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Packs your Ruby project into a self-contained archive with gems and a Ruby runtime
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Tara packs your application into a gzipped TAR archive along with a complete Ruby runtime and all of the necessary gems.

To accomplish this, Tara uses the already packaged Ruby binaries and native gems provided by Phusion's Traveling Ruby project. If you're not familiar with the Traveling Ruby project I encourage you to check out their repo for more information and motivation on why it exists.


Add tara to your Gemfile, do a simple bundle install and you're good to go:

group :development do
  gem 'tara'


Tara uses Bundler to install your gem's dependecies, and without it Tara won't work.

Additionally, if you're using gems with native extensions, Tara needs to be able to download a precompiled version of those gems. See Traveling Ruby's tutorial on native extensions for more information about gems with native extensions and how they work with Traveling Ruby. Examples of gems with native extensions are thin, eventmachine and sqlite3.

Tara will automatically find gems with native extensions and attempt to download a precompiled version. and in the case that the specific version doesn't exist it'll raise an error and thus refuse to build an archive at all.


Tara is currently intended to be used from code, for example in a Rakefile or a Thor app, or whatever your preference is.

Below is a minimal code example for creating an archive in a Rake task:

task :build do

This will package your application into an archive in build/<app>.tgz, including all gems not in the development or test groups. By default the created archive will be for Linux x64. If you want to build it for some other platform, such as Mac OS X, all you have to do is to pass the target option to Tara::Archive#new:

task :build do 'osx').create

By default Tara will include all Ruby files in lib, though it's possible to override which files that'll be included by passing the files option with a list of globs to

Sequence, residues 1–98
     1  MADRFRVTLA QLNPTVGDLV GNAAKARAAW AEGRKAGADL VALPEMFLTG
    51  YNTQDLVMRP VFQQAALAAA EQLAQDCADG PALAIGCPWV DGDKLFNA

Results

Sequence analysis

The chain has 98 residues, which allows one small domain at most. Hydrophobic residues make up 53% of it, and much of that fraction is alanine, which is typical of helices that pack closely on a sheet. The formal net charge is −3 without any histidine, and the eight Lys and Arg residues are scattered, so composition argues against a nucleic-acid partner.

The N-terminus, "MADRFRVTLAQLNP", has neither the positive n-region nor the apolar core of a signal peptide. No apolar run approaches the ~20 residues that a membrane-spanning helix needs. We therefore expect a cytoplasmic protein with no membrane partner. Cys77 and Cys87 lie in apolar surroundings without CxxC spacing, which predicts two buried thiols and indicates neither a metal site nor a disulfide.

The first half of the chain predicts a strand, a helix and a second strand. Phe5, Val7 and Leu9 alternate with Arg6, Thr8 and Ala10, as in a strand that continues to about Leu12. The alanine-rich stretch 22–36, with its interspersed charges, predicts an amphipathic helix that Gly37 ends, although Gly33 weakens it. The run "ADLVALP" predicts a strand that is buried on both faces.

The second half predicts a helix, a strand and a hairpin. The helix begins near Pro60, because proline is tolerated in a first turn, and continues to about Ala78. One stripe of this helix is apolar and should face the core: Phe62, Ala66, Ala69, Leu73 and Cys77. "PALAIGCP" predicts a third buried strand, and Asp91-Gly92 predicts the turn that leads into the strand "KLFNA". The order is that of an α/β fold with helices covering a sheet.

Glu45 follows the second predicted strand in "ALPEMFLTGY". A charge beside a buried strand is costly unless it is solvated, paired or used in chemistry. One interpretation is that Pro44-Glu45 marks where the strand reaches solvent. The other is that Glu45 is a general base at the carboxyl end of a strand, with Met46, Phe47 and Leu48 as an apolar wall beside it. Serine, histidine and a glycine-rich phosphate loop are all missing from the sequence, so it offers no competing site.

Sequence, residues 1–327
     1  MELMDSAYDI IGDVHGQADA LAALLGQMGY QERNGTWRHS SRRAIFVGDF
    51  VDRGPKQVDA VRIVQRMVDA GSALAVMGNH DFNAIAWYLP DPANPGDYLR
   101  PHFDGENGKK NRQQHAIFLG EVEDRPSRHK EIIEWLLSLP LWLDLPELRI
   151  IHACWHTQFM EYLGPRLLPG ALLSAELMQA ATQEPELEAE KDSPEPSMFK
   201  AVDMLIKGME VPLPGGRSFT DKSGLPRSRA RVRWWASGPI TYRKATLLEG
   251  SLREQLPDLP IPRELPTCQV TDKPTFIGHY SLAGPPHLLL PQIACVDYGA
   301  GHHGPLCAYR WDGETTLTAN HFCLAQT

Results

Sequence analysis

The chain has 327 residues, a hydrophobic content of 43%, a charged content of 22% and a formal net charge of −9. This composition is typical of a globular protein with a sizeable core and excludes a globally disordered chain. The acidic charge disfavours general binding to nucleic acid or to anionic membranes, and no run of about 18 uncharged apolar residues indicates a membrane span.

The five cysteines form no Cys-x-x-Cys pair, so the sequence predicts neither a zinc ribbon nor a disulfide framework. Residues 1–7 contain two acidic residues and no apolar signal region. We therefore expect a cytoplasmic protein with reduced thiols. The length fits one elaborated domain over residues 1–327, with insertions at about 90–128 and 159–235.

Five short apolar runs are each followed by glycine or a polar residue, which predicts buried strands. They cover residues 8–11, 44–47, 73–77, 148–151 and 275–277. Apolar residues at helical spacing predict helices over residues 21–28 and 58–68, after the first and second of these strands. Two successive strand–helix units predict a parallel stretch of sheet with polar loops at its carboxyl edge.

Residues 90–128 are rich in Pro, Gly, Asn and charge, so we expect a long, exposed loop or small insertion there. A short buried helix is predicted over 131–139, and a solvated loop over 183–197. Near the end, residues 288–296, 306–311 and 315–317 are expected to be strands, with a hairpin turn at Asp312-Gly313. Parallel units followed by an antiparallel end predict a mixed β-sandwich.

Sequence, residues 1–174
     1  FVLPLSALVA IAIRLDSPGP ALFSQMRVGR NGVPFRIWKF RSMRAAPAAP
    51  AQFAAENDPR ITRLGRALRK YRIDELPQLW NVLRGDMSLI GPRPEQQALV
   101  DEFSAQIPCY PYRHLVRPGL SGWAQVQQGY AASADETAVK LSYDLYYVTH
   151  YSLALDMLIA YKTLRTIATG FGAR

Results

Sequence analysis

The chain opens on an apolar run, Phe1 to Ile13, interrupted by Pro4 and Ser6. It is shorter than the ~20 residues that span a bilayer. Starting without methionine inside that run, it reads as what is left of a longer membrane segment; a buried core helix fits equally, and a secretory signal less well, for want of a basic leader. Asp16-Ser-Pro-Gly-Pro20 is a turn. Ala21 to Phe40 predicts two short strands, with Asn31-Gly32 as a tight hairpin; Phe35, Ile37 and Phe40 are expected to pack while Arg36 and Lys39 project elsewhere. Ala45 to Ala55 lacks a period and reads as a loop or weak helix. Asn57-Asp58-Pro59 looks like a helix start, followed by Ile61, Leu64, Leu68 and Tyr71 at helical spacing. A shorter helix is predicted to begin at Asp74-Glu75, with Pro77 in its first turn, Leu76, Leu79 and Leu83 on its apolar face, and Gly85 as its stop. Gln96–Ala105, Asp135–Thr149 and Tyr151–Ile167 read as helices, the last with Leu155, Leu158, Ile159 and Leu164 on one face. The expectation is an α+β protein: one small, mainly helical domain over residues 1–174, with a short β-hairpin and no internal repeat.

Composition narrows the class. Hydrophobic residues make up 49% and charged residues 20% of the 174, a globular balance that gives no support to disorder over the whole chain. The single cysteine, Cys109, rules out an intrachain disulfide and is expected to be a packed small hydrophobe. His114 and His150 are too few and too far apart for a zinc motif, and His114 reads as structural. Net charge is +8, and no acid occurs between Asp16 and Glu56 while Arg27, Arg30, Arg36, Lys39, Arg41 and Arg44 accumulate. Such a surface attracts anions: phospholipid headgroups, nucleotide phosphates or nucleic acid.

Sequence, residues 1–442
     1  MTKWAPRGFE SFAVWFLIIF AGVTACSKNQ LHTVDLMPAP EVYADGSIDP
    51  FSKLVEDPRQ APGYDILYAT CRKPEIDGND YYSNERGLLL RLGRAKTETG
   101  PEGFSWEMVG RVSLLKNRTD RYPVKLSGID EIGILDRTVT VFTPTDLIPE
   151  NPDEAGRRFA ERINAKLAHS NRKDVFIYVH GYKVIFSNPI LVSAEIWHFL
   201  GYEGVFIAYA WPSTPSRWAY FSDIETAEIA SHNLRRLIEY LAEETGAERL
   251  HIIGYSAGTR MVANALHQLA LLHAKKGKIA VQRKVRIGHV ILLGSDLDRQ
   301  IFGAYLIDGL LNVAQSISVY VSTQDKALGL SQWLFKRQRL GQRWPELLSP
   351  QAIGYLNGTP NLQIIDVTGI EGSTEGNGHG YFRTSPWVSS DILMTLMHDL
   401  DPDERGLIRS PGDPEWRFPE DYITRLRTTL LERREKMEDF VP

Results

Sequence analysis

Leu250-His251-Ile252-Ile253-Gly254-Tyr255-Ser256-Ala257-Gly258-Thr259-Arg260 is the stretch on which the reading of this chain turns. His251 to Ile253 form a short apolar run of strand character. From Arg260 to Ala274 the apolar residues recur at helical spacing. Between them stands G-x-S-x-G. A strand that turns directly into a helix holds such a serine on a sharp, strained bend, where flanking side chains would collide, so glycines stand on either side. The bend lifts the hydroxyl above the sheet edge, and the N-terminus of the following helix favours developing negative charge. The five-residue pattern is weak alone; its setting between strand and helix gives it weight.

One might run into issues when running Bundler while packaging an application, and it might be related to the global Bundler configuration. If that is the case then one can choose to ignore the global Bundler configuration by passing the bundle_ignore_config.


Due to how archives are packaged, executables (scripts usually placed in the bin directory) have to be "wrapped" in yet another script that uses the packaged Ruby library.

Tara will automatically create wrapper scripts for executables in the bin directory, and it'll assume that they are Ruby-only scripts (i.e. not Bash scripts or whatnot). I'd recommend to use a #!/usr/bin/env ruby shebang).

Executables placed at the top-level of a repository is currently not supported, as it's far from standard and causes some issues when creating the archive as the wrapper scripts are placed at the top-level of the archive, effectively overwriting the script that they're wrapping.

At this time it is not possible to supply your own wrapper scripts, but it'll most likely be possible in future releases.

Jara compatibility

Jara is a tool that creates clean artifacts from Git repositories and publishes them to S3, and Tara includes an Archiver class that is compatible with Jara.

Using Tara with Jara is as simple as:

task :build do
  archiver =
  releaser = Jarå'production', 'artifact-bucket', archiver: archiver)

The Archiver class accepts the same options as the Archive class does.


© 2015 Mathias Söderberg, see LICENSE.txt (BSD 3-Clause).

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